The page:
Lockdown has seen many of us take up new hobbies. I’ve got friends who have got into knitting, crochet or cross-stitch, others who are doing puzzles and of course lots of us have been baking. There is endless joy in artistry as well as enjoying the fruits of that creativity afterwards.
My unexpected lockdown hobby has been expanding my photographic horizons. I’ve always been an aspiring David Bailey, largely thanks to my dad. He is rarely seen without a camera close at hand, and I got my first camera when I was aged ten. By the next year I’d graduated to a hand-me-down Olympus and was snapping away happily.
I vividly remember the anxiety of dropping off a canister of 35mm film at Boots then coming back later to pick up the envelope of developed prints, flicking through them to see if the images I captured on the glossy prints resembled what I saw and experienced in real life. Some of the photos filled me with great pride and joy but the blurry or over-exposed ones naturally left me a little disappointed.
These days, taking photos is easier than ever before thanks to the rise of digital photography. You can snap anything at any time or anywhere with your phone, edit it in moments, use filters to make it look pretty before letting it loose on the world for likes.
I turned to experimentation in the early days of lockdown, with the first full moon of isolation back in April. It was a ‘supermoon’, extra close to the Earth, and it was visible from my living room window. I got out my telephoto lens and tripod and started snapping away.
The response from friends was amazing. That encouraged me to keep going, and since then I’ve spammed my social media channels with pictures of the May and June full moons, the waxing moon in late May, and an attempt at a time-lapse of the International Space Station for good measure.
I also took my camera for a walk in the local park in April, when the blossoms and stunning spring flowers were out. More recently, I lugged the telephoto lens to Richmond Park to take deer pictures and am contemplating a morning trip there for the sunrise.
However, you don’t need a fancy camera to enjoy photography. I love my trusty Canon, but also love the fact that I have a camera in my pocket every time I leave the house. My phone gallery is filled with pictures of flowers, cooking and views from bike rides.
So how to get the most out of the ability to capture beautiful things and special moments, whether with a phone or a ‘proper’ camera?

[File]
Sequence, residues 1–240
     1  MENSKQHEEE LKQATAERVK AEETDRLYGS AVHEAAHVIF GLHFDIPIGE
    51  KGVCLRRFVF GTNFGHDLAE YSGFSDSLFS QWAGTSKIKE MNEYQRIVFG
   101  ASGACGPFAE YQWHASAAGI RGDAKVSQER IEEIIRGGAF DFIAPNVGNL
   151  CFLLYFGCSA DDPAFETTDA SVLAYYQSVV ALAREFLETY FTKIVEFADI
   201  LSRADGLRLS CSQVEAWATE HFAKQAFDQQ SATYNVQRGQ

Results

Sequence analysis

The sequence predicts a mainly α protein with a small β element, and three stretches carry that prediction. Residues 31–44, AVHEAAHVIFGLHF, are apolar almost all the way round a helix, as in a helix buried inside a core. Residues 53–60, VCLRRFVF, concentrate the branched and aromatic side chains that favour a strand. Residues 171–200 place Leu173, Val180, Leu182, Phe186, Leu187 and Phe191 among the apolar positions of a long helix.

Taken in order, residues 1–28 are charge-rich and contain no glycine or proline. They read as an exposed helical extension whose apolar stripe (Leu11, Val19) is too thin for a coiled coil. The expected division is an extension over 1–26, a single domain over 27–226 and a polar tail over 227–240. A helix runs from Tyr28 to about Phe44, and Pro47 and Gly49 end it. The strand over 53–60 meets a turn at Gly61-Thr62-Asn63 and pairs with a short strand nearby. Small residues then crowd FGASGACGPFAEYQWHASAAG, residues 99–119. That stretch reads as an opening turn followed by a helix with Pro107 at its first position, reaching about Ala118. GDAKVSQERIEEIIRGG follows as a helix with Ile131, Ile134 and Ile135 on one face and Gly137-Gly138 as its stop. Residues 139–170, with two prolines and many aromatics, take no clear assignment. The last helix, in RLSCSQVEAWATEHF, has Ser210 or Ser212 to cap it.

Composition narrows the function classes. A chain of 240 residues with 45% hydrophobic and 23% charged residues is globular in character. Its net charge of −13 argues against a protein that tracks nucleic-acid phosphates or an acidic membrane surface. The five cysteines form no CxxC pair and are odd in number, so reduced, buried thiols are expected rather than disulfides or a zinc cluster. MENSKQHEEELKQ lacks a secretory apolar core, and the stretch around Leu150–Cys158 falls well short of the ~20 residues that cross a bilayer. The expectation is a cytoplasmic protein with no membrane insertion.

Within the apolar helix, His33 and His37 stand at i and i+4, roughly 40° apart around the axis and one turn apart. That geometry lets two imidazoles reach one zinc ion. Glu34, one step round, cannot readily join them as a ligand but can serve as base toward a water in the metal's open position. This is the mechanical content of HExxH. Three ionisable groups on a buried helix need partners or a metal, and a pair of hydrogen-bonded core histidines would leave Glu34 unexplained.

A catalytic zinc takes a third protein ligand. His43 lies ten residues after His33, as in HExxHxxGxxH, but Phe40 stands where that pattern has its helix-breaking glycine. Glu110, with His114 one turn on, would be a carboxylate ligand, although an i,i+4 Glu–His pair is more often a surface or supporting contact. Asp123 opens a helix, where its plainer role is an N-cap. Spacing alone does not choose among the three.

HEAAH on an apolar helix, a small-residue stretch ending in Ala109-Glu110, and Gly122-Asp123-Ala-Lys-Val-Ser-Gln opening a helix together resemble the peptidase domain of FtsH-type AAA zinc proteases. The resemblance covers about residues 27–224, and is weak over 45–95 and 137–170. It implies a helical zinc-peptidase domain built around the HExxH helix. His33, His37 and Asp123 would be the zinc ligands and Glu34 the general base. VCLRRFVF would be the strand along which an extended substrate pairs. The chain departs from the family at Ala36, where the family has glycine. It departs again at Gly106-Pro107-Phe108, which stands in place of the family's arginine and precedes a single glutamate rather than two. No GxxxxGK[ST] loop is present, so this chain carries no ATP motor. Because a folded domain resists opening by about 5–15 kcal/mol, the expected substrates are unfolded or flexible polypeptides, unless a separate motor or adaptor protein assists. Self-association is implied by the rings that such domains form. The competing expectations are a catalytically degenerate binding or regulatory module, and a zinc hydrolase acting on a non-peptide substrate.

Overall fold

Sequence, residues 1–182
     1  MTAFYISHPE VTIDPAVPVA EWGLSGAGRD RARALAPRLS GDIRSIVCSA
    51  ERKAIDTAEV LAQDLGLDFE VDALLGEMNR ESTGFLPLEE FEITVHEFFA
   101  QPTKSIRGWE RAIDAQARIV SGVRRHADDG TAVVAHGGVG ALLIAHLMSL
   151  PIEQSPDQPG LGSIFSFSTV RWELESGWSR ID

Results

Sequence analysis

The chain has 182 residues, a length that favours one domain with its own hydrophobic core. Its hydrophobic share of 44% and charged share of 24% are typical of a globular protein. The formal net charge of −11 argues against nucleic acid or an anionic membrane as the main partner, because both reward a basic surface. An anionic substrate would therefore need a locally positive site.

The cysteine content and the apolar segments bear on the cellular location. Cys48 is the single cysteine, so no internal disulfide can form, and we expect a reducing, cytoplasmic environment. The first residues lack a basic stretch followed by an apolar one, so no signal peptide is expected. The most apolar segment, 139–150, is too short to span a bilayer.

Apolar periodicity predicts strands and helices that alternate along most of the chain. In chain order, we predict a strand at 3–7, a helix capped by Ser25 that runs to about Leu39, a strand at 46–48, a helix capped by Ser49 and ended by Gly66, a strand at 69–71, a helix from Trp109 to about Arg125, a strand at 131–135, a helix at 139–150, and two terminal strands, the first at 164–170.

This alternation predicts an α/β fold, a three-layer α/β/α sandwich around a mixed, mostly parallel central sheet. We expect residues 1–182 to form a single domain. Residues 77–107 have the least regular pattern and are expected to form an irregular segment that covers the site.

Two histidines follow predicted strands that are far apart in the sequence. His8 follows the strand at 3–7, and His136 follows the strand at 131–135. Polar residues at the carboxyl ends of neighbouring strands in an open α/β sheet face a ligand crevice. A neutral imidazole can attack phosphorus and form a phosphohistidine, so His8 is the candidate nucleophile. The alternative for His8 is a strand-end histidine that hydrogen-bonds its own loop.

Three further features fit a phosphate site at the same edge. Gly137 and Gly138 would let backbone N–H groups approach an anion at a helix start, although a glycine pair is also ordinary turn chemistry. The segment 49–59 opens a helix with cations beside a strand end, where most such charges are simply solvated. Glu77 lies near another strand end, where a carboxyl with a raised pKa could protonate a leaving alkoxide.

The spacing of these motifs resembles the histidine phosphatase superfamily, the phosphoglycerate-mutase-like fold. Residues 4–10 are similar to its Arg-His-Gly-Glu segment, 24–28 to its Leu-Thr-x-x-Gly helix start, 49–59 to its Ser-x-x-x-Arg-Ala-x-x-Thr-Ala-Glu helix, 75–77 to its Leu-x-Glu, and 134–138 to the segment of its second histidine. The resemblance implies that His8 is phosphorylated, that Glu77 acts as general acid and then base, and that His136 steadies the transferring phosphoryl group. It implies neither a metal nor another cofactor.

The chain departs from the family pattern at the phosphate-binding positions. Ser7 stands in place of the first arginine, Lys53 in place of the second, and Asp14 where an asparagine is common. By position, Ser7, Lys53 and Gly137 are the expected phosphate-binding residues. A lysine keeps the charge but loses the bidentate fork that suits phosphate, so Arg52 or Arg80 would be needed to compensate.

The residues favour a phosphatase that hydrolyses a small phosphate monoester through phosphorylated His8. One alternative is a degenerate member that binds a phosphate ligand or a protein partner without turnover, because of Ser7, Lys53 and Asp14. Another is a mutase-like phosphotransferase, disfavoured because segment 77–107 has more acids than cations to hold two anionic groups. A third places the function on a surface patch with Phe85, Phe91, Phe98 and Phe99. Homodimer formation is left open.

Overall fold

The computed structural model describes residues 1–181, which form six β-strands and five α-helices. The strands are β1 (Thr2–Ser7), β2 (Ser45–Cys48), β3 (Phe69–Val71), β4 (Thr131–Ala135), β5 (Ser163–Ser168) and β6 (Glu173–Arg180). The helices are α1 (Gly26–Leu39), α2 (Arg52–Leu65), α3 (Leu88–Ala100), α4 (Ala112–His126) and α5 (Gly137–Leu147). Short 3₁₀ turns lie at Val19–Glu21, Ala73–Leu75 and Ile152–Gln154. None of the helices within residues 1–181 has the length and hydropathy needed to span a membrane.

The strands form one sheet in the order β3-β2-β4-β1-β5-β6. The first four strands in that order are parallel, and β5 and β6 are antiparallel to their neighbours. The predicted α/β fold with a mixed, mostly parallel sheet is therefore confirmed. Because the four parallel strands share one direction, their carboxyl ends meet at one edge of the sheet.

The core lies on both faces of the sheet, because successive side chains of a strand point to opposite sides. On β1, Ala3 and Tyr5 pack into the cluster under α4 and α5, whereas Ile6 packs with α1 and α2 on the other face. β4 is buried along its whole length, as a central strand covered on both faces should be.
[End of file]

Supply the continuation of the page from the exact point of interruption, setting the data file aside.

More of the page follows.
First off, practise. Just take pictures. If you see a cute dog, or a stunning sunset, take a picture of it. Share it. See what gets the most reaction from your friends.
Secondly, learn about the rule of thirds. This is a loose guideline for imagery which suggests that the important features of your photo – such as a horizon, or a riverbank, or a tree – be placed along one of two equally spaced horizontal or vertical lines. Don’t be afraid to crop your picture to make the rule of thirds work.
Thirdly, get used to tweaking your photos with editing software. Most phones and computers come with decent free editing tools that are easy to use. Straighten your horizons and vertical lines, adjust the exposure if the picture is a little too light or dark, clone out dust spots or red eye. I don’t spend hours digitally improving my photos, but I always go through and fine-tune them. A little adjustment can make a huge difference.
Fourthly, enjoy your pictures! Use them as desktop backgrounds, profile pictures, or get them printed and hang them on your walls. Almost every picture in my flat is one I’ve taken. Every day they bring me pleasure and memories of the moment I took the shot.
My lockdown photography has been a joy, and I’m sure I’ll carry on with it when normal life resumes. I hope too that it has helped bring a bit of happiness to friends as a reminder that even in the worst of times the world is still a beautiful place.
Joanne Harris, freelance journalist